Mark Golodetz hosted last night's meeting of SOBER (Several Oenophiles Becoming Extremely Rambunctious) and put on a superb night of food and wine. A great lineup:
1988 Lanson "Noble Cuvee" ChampagneFresh baked bread, apple pie. Good acidity, good length. I don't tend to drink much aged Champagne, but liked this a lot in a very brief taste. B+
Mark had a nice assortment of paté, meats, and cheeses out. The first flight was blind:
Wine #1 : Ripe, meaty nose. Some stones and smoke on palate. Sweet pure dark berry fruit, good acidic balance, resolved tannins. John pretty quickly says Northern Rhone, chooses Hermitage over Côte-Rôtie, and he's right, the 1983 Delas Freres "Marquise de la Tourette" Hermitage
Wine #2: Very ripe, kirschy, full, a little hint of barnyard. Seems shorter and drier on finish than other two. Some olives and mushrooms with time.
With the hint of knowing wine #1 a couple people quickly identify the 1983 Jabloulet "La Chapelle" Hermitage. B
Wine #3. Somewhat lifted nose. Rather deep fruit, a meaty note like #1, fully mature. It's the 1983 Chave Hermitage. John says this bottle is a bit advanced, but I like, although a tad less than #1. B+/A-
Next flight was served with a delicious lamb stew (with a hint of lemon) and pureed parsnips. Not blind.
1996 Pape-Clement (Pessac-Leognan)
Earthy, mineral, with redcurrant fruit. Some tobacco and pencil shavings with time. My favorite for drinking today, though it certainly has plenty of life ahead of it. A-
1996 Pontet-Canet (Pauillac)
Ripest and most modern of the bunch (our leading oneo-Ludditte John has a good time riffing on its faults), but I like (as I have in the past). Cassis and sweet oak, nice texture, nice finish. Outclassed a bit, but a nice wine for me. B+
1996 Leoville-Barton (St. Julien)
I find this beautiful, rich and structured with deep deep dark fruit and long finish. Not as ready as the Pape-Clement, A-
Mark brought out another blind wine. He asked me what I thought, I found it rather oaky/modern, pretty sure it was Cabernet/Merlot. Guesses around the table included young Spanish. Oops, the 1996 Haut-Brion (Pessac-Leognan). Not exactly posterchild for modern in Bdx, but you can't take your guess back. After a bit it opens somewhat, but to me it's still rather oaky and monolithic. Powerful wine. I'm sure that the oak will integrate, but B+ for now.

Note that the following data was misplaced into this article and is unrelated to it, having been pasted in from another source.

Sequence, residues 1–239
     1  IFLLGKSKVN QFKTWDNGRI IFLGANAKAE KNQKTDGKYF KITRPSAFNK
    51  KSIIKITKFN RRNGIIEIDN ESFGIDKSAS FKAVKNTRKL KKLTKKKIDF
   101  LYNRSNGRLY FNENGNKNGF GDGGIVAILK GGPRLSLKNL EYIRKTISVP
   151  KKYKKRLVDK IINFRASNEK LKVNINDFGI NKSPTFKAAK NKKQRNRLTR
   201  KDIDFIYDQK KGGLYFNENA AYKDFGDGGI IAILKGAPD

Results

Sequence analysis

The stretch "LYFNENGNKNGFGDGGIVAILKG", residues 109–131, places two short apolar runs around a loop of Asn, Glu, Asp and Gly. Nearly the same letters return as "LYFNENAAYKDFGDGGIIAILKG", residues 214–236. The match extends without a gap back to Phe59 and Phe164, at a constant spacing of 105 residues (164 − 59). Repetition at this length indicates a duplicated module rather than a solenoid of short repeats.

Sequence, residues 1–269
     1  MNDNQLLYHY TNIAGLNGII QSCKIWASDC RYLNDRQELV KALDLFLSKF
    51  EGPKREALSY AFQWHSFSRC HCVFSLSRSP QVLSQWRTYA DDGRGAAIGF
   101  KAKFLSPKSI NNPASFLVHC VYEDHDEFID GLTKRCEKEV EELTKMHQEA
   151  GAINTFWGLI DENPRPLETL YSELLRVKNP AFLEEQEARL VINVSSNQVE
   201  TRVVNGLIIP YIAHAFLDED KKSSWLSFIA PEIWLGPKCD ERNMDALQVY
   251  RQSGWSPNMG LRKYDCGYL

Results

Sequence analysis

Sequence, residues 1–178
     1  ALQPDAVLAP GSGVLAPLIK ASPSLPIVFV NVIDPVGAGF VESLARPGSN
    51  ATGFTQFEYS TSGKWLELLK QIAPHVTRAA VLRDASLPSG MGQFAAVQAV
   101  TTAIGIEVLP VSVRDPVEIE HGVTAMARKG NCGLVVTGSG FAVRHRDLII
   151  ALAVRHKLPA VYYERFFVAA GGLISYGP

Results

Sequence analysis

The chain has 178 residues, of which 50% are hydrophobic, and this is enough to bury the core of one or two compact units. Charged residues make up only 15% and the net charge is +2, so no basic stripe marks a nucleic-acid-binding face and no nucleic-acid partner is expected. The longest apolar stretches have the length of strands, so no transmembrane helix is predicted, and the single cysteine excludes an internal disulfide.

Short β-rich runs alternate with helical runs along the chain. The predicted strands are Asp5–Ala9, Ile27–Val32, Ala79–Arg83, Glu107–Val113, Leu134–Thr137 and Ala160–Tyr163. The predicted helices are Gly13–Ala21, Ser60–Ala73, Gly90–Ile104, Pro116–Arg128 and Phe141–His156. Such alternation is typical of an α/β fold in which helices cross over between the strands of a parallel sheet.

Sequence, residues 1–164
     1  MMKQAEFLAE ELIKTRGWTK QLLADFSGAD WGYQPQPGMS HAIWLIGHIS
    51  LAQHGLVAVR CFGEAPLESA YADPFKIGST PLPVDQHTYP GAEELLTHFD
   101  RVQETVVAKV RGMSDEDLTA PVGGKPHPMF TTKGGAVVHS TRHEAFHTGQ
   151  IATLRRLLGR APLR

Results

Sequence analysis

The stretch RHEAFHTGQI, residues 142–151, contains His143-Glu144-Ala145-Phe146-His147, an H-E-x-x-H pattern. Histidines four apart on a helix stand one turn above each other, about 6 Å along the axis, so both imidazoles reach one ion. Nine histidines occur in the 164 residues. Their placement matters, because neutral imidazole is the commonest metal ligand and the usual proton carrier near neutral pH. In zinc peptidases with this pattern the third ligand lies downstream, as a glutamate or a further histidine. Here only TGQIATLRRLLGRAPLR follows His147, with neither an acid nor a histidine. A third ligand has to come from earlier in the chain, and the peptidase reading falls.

Next flight (not blind) was accompanied by the cheeses (nice assortment especially a Tallegio).
1996 Sandrone "Cannubi Boschis" Barolo
High acidity, good red fruit, a bit of cedar but dominated by flowers and a little tar. Not as tannic as many 1996 Barolos, but does need some time. I liked a lot. A-/B+
1997 Sandrone "Cannubi Boschis" Barolo
Not surprisingly the ripest of three. Low acid, soft, ripe round fruit. Doesn't seem as deep as the '96, but would be ok as a restaurant wine. B/B+
1998 Sandrone "Cannubi Boschis" Barolo
Quite thin compared to the other two, wood sticks out more. Maybe a little green. Mark felt it was much better with the cheese than alone. I think better with food, but still my least favorite wine of night. But if I got in a restaurant I'd shrug and make do. B-
Another blind wine, this time I refrained from guessing as I overheard Mark say what it was. But I don't think I would have been close. The 1971 Haut-Brion was so fresh and young I would have never have guessed its age. Pure clean fruit, earth and ferric minerals, beautiful and my WOTN. A
We finished with the 1965 Delaforce Colheita. Very caramelly, with a little marmalade and mocha. Sweet, clean, easy. B+
Nice night with a nice group and a generous host.
Grade disclaimer: I'm a very easy grader, basically A is an excellent wine, B a good wine, C mediocre. Anything below C means I wouldn't drink at a party where it was only choice. Furthermore, I offer no promises of objectivity, accuracy, and certainly not of consistency.